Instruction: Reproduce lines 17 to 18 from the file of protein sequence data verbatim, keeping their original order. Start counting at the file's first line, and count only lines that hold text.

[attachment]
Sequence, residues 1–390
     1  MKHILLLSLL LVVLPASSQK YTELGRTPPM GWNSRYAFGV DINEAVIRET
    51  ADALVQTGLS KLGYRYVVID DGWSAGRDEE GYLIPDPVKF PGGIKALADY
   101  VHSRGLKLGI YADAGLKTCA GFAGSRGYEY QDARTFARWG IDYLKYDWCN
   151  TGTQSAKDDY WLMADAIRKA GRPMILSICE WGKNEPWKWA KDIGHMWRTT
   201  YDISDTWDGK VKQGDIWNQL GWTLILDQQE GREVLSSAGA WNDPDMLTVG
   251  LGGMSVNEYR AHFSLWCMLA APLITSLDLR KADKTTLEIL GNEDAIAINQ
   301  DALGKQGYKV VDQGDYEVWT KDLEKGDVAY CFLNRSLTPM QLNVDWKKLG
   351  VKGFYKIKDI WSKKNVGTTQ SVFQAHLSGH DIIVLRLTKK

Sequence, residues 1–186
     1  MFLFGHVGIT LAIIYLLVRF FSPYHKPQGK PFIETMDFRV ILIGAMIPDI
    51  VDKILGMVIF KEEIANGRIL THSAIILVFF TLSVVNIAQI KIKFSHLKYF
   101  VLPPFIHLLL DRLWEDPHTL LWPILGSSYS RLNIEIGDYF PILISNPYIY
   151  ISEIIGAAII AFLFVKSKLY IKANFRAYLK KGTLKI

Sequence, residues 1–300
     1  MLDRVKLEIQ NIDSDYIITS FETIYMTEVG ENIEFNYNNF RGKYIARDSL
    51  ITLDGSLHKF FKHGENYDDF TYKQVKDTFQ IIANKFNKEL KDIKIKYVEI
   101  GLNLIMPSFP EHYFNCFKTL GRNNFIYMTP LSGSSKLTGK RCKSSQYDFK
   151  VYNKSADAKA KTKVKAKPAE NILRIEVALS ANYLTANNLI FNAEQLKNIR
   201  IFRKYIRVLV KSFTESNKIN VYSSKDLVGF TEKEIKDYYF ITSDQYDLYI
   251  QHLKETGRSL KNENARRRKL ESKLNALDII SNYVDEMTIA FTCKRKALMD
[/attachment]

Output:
    51  ITLDGSLHKF FKHGENYDDF TYKQVKDTFQ IIANKFNKEL KDIKIKYVEI
   101  GLNLIMPSFP EHYFNCFKTL GRNNFIYMTP LSGSSKLTGK RCKSSQYDFK